The Native Americans of the Eastern Woodland culture were severely affected by epidemic infectious diseases brought to North America from Europe, as they had no natural immunity. In addition, the introduction of guns increased the fatalities in intertribal conflicts. The fur trade became a source of competition and conflict between tribes. Members of the Illini Confederacy appear to have responded to increasing pressures by banding together. Reports from La Salle and others in the 1680s indicate that the Grand Village of the Illini temporarily increased in size during that decade to 400 cabins housing as many as 6,000 people. This village proved to be unsustainable in size. La Salle and Henri de Tonti also established Fort Saint Louis on the butte now called Starved Rock across the river, where a village near the rock's base called Hotel Plaza developed.

The inhabitants of the Grand Village largely dispersed under pressure from invading Iroquois bands (see, Beaver Wars). Many likely moved to the regions around Peoria (see, Fort Pimiteoui), Cahokia, and Kaskaskia, Illinois. These three towns were named after constituent tribes of the Illinois Confederacy.


Later English speaking European pioneers did not have a clear idea what had happened to the people of the Grand Village. After the villagers dispersed, a tale was repeated in local folklore that members of the Illini Confederacy had been pinned by tribal enemies to a last stand atop Starved Rock. Hopelessly surrounded, the brave villagers refused to surrender and supposedly perished of starvation. It was said that this was how "Starved Rock" got its name.


In one tale, attributed to the French and Indians, the explorer Henri de Tonti cached a hoard of gold on or near the canyons and bluffs of Starved Rock to secrete it from a French Canadian governor who had dismissed him. Later in 1704 when he was dying of yellow fever, Tonti described the treasure's location to the priest who was giving him last rites. As the story goes, the priest mentioned this revelation to third parties, but did not describe the secret location, and this key piece of information was lost when the priest died in an Illinois River canoe accident.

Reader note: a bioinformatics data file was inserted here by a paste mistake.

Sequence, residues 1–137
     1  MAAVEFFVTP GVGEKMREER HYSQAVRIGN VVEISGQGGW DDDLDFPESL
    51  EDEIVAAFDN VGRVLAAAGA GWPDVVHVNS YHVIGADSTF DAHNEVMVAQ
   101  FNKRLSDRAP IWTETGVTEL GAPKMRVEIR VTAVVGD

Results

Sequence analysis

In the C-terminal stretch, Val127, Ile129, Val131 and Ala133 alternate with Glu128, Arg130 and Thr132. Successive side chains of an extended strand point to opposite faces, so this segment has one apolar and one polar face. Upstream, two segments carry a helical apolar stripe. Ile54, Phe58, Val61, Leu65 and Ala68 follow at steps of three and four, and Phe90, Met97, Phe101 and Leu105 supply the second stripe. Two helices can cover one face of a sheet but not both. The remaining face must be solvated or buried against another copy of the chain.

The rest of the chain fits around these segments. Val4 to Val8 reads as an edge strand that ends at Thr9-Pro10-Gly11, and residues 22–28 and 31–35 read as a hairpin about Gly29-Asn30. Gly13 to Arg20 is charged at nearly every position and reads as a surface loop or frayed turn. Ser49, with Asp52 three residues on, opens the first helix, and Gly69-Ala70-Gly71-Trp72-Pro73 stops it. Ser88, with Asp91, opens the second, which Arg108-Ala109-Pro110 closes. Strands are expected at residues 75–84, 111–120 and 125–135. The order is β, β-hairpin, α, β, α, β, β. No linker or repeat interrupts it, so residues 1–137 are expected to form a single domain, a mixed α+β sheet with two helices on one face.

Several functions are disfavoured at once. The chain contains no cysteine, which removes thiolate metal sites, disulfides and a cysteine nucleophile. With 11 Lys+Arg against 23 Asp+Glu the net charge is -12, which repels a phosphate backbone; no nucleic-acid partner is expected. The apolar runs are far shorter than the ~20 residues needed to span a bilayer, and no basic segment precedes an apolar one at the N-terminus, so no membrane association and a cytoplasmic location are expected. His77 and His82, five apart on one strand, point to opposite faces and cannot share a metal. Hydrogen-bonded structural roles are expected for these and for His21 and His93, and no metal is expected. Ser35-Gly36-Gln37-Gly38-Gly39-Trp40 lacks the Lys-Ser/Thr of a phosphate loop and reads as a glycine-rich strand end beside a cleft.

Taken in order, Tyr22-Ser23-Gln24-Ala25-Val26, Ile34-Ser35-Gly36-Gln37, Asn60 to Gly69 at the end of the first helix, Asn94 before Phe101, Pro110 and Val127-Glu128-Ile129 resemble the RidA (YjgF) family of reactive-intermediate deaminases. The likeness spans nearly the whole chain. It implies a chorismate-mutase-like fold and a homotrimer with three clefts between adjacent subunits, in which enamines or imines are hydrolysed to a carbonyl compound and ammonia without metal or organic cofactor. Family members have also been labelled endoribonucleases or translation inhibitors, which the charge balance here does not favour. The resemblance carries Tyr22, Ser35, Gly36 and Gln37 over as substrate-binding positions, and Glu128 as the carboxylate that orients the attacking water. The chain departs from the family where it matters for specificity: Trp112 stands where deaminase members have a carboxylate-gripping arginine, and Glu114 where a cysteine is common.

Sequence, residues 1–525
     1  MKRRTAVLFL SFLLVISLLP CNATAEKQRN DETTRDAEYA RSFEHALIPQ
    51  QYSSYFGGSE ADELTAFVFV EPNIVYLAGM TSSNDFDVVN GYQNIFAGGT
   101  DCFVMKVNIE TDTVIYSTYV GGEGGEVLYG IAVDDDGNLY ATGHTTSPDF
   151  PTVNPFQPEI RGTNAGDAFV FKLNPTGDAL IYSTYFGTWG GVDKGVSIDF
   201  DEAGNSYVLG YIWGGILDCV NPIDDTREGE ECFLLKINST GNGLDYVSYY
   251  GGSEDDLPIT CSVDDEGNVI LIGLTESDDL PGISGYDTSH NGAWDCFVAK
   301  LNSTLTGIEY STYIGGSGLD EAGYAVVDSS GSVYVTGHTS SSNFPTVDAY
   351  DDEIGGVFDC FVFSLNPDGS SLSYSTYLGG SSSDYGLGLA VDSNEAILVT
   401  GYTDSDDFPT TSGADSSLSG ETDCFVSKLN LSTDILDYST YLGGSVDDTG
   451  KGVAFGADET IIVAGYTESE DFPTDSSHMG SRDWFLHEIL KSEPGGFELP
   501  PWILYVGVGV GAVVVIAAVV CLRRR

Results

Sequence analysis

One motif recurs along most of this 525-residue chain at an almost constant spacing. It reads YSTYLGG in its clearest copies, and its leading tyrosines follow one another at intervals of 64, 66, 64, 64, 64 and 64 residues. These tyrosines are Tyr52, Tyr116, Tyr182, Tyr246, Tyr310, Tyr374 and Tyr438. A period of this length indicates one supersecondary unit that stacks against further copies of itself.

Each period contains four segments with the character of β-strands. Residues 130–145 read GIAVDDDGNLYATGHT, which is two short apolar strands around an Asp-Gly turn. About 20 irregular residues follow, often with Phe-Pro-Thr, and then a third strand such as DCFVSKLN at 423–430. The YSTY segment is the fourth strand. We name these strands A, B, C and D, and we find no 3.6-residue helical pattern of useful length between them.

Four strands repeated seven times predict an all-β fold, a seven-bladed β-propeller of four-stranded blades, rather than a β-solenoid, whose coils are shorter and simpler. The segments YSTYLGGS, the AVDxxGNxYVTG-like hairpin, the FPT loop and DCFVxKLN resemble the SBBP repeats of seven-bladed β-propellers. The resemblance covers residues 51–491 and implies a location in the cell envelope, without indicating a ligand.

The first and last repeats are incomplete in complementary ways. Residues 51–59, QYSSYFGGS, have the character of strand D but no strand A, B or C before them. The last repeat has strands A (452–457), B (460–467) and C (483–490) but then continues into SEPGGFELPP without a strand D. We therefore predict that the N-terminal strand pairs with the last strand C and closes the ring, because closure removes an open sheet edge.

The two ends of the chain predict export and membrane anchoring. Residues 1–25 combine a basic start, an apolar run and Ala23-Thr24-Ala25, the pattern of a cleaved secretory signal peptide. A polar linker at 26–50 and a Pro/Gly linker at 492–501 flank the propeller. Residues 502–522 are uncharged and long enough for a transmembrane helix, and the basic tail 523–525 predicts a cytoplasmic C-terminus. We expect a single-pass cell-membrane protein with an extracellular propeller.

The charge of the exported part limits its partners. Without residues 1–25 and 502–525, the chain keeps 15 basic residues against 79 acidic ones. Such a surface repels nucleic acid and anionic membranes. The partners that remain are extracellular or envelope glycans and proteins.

Another narrative centers on the death, in 1769, of Pontiac at the hands of an unnamed member of the Illini Confederacy. According to this story, the Pottawatomi, who were closely allied to Pontiac's kinfolk, made war on the Illini, forcing many of them to take refuge on the bluff that would become known as "Starved Rock." The Illini supposedly starved as their blufftop refuge was besieged.


The site of the Grand Village of the Illinois was acquired by the state of Illinois in 1991 as a non-operating site of the Illinois Historic Preservation Agency. As of 2018, it is not open to the public.

See alsoEdit


  1. ^ "National Register Information System". National Register of Historic Places. National Park Service. January 23, 2007.
  2. ^ a b "Old Kaskaskia Village". National Historic Landmark summary listing. National Park Service. Archived from the original on 2010-09-09. Retrieved 2007-10-12.
  3. ^ a b "Old Kaskaskia Village Site". Survey of Historic Sites and Buildings. National Park Service. 2005-03-22. Retrieved 2007-10-13.
  4. ^
  5. ^
  6. ^ Chamberlain, Craig (December 22, 2015). "Illinois Indians made a bid for power in early America, based on bison and slavery". Retrieved 2019-03-16.